It is immaterial whether the crime of genocide was committed during peacetime or in war. It is a crime under international law and thereby punishable at all times. International law on genocide forms customary international law and thus is binding on nations irrespective of their obligations under various conventions. In fact, the customary international law prohibiting states from committing genocide belongs to jus cogens i.e. overriding principles of international law from which no derogation is permitted.

Has Pakistan breached International Law?

There cannot be any debate whether Pakistan has breached the international law on genocide. The enforced disappearances, torture, rapes, forced abductions and systematic elimination of Baloch population from the region by the Pakistani establishment, all qualify as acts of genocide. The ruthless barbarism of military, backed by the Punjabi-dominated government is creating havoc in the region with every other Baloch family losing someone to this unprecedented and continued wave of atrocities.

As per an HRW report, more than 18,000 people have disappeared from Balochistan since 2003. In 2014, three mass graves were found in the Khuzdar district of Balochistan containing hundreds of decomposed bodies. The Islamists-dominated military has also supported, if not actively participated, in organizing acid attacks and sexual assaults on young Baloch girls to deter them from leaving home. The situation is so bad that everyday young students, lawyers, farm workers and teachers are being picked up by Frontier Corps and ISI never to return again. It is not only a case of state-sponsored and managed terrorism but also of crime against humanity.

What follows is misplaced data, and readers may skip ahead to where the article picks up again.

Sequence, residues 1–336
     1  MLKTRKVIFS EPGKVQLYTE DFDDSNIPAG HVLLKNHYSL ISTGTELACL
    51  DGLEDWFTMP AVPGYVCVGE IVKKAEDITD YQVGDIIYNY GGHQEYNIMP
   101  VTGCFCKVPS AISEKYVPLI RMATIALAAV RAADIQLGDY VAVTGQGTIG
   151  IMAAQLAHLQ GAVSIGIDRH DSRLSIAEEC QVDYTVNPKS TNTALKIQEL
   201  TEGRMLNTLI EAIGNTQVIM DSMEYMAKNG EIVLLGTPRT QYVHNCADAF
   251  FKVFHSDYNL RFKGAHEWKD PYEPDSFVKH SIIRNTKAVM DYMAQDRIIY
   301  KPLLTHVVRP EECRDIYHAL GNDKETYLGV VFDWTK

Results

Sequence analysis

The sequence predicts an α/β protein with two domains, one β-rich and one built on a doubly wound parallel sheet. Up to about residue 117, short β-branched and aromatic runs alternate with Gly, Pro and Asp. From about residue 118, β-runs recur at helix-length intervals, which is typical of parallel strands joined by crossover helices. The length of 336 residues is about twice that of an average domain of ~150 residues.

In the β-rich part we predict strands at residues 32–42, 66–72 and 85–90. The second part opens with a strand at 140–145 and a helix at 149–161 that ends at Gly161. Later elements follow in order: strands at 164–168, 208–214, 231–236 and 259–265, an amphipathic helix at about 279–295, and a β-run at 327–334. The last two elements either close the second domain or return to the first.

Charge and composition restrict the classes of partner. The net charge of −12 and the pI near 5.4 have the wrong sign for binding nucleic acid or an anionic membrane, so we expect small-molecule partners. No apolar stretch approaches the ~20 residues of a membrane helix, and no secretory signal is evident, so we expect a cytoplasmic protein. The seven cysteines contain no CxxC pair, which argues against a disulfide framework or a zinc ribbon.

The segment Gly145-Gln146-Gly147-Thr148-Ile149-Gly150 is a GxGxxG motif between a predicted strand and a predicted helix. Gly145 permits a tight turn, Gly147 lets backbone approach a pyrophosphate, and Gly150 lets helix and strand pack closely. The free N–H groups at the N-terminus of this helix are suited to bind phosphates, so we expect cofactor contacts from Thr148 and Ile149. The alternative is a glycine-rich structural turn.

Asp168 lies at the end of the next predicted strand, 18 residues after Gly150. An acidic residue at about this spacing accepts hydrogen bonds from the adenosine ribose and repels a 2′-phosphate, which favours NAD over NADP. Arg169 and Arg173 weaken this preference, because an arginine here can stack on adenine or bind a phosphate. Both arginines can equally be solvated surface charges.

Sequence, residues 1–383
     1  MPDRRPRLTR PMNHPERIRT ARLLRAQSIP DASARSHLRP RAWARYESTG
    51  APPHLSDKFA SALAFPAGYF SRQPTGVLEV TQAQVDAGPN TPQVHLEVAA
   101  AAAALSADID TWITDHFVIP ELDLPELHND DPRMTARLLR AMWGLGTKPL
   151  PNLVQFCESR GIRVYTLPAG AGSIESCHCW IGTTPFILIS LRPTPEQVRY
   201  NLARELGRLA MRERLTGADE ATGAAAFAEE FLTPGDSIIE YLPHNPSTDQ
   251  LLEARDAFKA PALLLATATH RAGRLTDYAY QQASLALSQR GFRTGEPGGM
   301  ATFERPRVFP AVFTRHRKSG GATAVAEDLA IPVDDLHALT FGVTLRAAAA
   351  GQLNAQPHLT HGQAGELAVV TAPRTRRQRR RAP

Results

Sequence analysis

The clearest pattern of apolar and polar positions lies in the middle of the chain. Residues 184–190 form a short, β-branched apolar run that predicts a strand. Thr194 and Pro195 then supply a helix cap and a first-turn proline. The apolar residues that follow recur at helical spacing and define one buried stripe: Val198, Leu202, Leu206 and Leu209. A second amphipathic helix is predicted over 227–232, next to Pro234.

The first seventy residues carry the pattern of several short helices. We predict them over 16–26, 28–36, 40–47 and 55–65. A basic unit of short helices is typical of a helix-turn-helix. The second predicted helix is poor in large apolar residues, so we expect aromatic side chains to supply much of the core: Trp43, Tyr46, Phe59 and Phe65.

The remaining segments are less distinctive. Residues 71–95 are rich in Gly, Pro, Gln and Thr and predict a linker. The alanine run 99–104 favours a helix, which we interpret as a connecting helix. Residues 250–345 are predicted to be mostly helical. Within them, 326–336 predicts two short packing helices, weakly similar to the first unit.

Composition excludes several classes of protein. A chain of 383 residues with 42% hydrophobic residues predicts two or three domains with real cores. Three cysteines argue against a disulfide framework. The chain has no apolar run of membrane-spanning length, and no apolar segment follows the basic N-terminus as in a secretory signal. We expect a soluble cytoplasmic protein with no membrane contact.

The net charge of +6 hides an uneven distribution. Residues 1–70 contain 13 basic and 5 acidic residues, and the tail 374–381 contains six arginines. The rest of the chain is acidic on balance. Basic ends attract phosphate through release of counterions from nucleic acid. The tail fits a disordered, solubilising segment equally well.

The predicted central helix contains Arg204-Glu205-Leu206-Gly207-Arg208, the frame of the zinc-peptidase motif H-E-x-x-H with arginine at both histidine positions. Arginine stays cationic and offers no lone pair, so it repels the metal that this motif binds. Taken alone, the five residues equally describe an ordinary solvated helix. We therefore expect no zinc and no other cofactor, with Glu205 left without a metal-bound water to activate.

Holding Pakistan liable

Genocide as a crime can have an individual as well as state liability. Not only Gen. Pervez Musharraf who launched one of the most brutal genocides of Baloch people but the entire state of Pakistan can be held accountable for the grave violations of international law. In Bosnia and Herzegovina v. Serbia and Montenegro, the International Court of Justice confirmed that States could, in effect, commit genocide and that the Court could adjudicate the issue accordingly.

The Genocide Convention, thus, ensures that the dual enforcement of the international responsibility of states (Pakistan) and criminal liability of individuals (Gen. Musharraf, Nawaz Sharif, Gen. Raheel Sharif, etc.) can be effectively achieved. While it may be difficult to establish liability of the state as Genocide Convention was initially aimed to be individual centric, it is neither impossible nor unprecedented.

However, for an immediate relief to Baloch population, we can look towards the notion of responsibility to protect. International Humanitarian Law provides for the responsibility of the states to prevent, protect and secure their populations from genocide. It is embodied in the doctrine of responsibility to protect. And since Pakistan is actively participating in the genocide rather than preventing it, the responsibility directly falls on the world community to take remedial steps.

The immediate step of the world community should be to pass a Resolution in UN Security Council requiring Pakistan to allow UN observers in Balochistan and complete pause on military operations. The UN must force Pakistan to allow international media access to Balochistan and ensure free and fair reporting. Unless, the global community as a whole comes forward to defend and protect the collective notions of humanity, the genocide of Baloch people will continue.

Abhishek Dwivedi is an independent advocate and arbitration counsel who practises in Lucknow and Mumbai. He specialises in infrastructure, commercial and civil disputes.

Get Swarajya in your inbox.